Second Hunter Biden IRS Whistleblower Steps Forward, Alleges 'Deeply Troubling and Unacceptable' Occurrences
Allegations of impropriety in the federal probe of Hunter Biden are piling higher now that a second Internal Revenue Service whistleblower has come forward alleging the investigation was riddled with misconduct.
In April, attorney Mark Lytle approached congressional leaders to arrange for closed-door testimony from an IRS whistleblower who wanted to tell Congress about preferential treatment being given in the investigation due to the influence of a political appointee in the Biden administration.
Last week, the IRS took all of its current staff investigating Hunter Biden’s taxes off of the investigation, according to the New York Post.
And now, a second whistleblower has come forward, saying he has been punished for claiming Hunter Biden was getting special treatment, according to the U.K. Daily Mail.
A letter from attorneys Lytle and Tristan Leavitt said that the first whistleblower “has become aware that the case agent on the case, which our client supervises, also sent a protected disclosure directly to IRS Commissioner Werfel this week.”
The second whistleblower told IRS Commissioner Daniel Werfel, that he was punished for doing the “right thing,” including telling others in the department that the Justice Department was “acting inappropriately,” according to the Post.
“The lack of IRS-[Criminal Investigation] senior leadership involvement in this investigation is deeply troubling and unacceptable. Rather than recognizing the need to ensure close engagement and full support of the investigatory team in this extraordinarily sensitive case, the response too often had been that we were isolated (even when I said on multiple occasions that I wasn’t being heard and that I thought I wasn’t able to perform my job adequately because of the actions of the USAO and DOJ, my concerns were ignored by senior leadership),” the second whistleblower’s message to Werfel said.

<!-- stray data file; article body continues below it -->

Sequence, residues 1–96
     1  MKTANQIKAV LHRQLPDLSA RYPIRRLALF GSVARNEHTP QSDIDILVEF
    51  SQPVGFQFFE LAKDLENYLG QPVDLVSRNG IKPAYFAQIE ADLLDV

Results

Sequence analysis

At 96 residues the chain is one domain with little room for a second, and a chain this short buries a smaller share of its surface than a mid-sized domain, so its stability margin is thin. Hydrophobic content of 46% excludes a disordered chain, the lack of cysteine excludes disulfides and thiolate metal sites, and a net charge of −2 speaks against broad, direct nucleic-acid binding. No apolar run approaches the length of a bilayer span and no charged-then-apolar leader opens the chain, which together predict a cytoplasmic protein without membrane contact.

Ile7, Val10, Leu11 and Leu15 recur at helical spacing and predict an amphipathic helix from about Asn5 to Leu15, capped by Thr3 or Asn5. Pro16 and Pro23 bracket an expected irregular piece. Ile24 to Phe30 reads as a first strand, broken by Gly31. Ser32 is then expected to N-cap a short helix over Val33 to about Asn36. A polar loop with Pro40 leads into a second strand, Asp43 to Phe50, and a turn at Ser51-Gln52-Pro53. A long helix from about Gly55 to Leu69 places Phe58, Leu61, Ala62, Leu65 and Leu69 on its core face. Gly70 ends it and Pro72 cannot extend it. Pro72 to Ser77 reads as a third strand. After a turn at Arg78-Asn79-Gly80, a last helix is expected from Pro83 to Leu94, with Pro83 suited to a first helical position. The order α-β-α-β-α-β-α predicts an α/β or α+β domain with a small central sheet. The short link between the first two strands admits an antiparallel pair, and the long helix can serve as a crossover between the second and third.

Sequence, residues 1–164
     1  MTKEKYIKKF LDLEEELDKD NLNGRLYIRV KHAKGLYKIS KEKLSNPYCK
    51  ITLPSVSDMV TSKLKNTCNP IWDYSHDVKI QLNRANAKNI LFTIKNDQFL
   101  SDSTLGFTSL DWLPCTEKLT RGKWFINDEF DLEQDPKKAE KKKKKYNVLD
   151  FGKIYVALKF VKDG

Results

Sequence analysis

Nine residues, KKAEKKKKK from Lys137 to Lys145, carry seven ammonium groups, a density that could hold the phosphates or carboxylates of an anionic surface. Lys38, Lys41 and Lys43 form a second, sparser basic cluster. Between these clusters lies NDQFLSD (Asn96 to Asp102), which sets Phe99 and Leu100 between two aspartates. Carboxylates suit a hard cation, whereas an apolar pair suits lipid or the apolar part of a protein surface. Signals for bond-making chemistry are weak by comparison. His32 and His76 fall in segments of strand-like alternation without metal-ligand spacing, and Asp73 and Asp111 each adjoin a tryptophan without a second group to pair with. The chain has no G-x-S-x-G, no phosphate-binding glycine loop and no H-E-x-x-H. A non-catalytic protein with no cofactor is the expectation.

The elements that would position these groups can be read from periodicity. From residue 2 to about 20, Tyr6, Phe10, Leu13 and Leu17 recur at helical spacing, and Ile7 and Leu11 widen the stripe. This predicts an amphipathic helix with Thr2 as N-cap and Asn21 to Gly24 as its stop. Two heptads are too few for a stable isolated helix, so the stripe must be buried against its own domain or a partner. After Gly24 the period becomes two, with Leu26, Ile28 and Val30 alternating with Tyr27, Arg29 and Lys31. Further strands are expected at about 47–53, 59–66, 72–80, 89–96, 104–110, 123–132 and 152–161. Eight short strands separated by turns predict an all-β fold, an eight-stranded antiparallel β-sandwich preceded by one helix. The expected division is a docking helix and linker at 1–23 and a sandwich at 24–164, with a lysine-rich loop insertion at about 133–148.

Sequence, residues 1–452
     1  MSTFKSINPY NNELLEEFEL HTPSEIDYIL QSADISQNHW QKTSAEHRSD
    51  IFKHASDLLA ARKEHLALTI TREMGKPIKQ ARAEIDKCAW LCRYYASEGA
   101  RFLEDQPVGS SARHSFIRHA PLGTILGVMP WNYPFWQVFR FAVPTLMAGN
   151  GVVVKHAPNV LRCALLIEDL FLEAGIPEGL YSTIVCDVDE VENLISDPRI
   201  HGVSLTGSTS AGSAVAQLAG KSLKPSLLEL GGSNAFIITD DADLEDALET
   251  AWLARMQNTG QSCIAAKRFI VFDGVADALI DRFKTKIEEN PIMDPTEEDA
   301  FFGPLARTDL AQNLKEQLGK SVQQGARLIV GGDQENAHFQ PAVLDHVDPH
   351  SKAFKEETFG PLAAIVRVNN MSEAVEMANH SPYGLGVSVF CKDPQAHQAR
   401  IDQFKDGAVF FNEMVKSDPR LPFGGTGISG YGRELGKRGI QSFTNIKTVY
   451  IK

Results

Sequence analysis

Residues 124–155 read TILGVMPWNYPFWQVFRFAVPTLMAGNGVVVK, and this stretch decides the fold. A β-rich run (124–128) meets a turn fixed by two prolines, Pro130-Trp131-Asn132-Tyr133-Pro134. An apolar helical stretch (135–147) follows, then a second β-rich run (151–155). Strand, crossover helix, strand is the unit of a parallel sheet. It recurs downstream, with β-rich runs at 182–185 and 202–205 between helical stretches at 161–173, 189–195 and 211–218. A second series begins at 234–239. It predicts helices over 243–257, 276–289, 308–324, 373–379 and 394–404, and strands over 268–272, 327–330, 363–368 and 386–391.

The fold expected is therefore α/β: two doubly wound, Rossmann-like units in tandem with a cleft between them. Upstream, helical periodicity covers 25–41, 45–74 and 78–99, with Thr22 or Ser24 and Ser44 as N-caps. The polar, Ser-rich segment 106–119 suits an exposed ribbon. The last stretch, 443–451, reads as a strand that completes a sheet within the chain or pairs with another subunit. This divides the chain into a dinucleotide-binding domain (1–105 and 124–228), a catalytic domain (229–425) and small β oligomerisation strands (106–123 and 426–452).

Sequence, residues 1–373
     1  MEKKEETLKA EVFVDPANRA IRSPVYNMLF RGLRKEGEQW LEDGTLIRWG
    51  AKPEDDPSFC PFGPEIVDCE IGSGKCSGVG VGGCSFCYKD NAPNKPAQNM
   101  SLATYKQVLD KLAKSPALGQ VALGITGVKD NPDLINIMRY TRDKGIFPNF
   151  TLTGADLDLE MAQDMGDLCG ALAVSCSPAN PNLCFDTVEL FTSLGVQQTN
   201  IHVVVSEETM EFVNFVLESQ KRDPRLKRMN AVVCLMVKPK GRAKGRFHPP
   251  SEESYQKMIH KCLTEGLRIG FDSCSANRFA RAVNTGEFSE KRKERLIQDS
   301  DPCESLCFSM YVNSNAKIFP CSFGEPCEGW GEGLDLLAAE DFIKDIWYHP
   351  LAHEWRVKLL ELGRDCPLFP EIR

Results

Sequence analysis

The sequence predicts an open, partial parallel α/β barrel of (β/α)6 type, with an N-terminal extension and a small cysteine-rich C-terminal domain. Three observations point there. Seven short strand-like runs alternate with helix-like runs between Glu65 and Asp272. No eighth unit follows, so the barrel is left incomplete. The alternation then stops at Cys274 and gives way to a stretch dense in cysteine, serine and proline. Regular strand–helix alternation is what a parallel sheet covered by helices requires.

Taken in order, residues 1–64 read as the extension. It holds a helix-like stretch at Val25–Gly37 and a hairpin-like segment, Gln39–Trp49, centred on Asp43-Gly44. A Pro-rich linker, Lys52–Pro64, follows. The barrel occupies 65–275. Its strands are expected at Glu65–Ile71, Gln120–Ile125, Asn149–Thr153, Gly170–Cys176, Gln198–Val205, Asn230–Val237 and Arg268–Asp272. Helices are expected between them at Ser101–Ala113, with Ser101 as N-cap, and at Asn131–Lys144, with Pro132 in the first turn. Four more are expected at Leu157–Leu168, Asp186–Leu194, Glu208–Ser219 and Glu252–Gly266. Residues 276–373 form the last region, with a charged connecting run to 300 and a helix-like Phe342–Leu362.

“For the last couple years, my [supervisor] and I have tried to gain the attention of our senior leadership about certain issues prevalent regarding the investigation. I have asked for countless … meetings with our chief and deputy chief, often to be left out on an island and not heard from,” the agent wrote.
“The ultimate decision to remove the investigatory team from [redacted] without actually talking with that investigatory team, in my opinion was a decision made not to side with the investigators but to side with the U.S. Attorney’s office and Department of Justice who we have been saying for some time has been acting inappropriately.”
In the letter to Congress, the lawyers explained what happened to the second whistleblower, according to the Daily Mail.
“The IRS responded by raising the baseless and absurd prospect that his email to the Commissioner may have violated Federal Rule of Criminal Procedure 6(e) restrictions on disclosing grand jury proceedings. It did not. The email simply raised reasonable, good faith concerns to his chain of command, including Commissioner Werfel, about the removal of an entire investigative team from the case — which some of them have worked diligently for almost five years — before it has been resolved,” the letter said.